Armed police deployed in counterterror operation to protect synagogues during Jewish holidays

Police brace for potential increase in hate crimes during religious holidays

Police said they were taking precautions to protect communities that may be more visible during religious holidays
Police said they were taking precautions to protect communities that may be more visible during religious holidays

Armed officers are being deployed to protect Jewish people during religious holidays, as part of an operation led by counterterror police.

Scotland Yard said it had no “intelligence about a specific threat” but was taking precautions as worshippers marked the Jewish new year, Yom Kippur and other festivals over coming weeks.

Security is being heightened around synagogues and other key sites amid “reassurance” patrols that will run up until 2 October.

Chief Inspector Ronnie Morrell said London’s communities should feel safe to continue their daily lives, despite the four terror attacks that struck the capital last year.

“For the Jewish community, this means marking the high holidays as normal, so officers across London are working with partners and the Jewish community to ensure events are secure,” he added.

“As a result, communities in some areas may see a greater level of police officers – both armed and unarmed, uniformed and in plain clothes – than normal.

“Their presence is not based on intelligence about a specific threat but is a precautionary measure at a time when communities may be more visible, as larger numbers go to worship during this time.

“I urge the public to remain vigilant and contact the confidential Anti-Terrorist Hotline if they notice any suspicious or unusual activity.”

The operation, coordinated by the Metropolitan Police’s Counter Terrorism Protective Security Operations team, is being conducted with partners including the Community Security Trust (CST), Shomrin and Kehilah Security and Protection Association.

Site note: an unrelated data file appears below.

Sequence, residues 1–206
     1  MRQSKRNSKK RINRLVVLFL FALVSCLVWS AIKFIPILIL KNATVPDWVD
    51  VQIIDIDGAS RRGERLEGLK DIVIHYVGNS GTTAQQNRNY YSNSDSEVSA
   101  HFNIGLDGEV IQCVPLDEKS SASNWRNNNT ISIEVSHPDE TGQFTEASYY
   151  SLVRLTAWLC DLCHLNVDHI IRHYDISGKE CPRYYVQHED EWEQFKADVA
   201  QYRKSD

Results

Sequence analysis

Neighbourhood police across London have also been briefed on the potential for an increase in hate crime incidents during the period, and antisemitic social media activity is being monitored.

“This is a time for people to come together with family and friends and we want to them do so safely and securely,” said Chief Superintendent Dave Stringer, the lead for community engagement.

“Sadly, we are also aware that some people may use this occasion to display offensive or hateful views. Therefore we also want to make sure the community know we are here to support them if they are a victim of hate crime and we will deal with any hate incidents speedily and robustly.”

Police recorded spikes in hate crime following last year’s terror attacks and the EU referendum, while monitors have warned that antisemites are “becoming more confident to express their views”.

Children as young as 11 have been physically attacked, while graffiti has been daubed on homes and synagogues and MPs have been targeted with antisemitic abuse after speaking out on the issue.

CST counted the second highest number of incidents on record between January and June this year, averaging at more than 100 a month.

The most common target was “visibly Jewish” people in public spaces, followed by Jewish organisations, events and commercial premises, homes and synagogues.

Researchers have cited issues including violence on the Gaza border and debate around the Labour Party as drivers.

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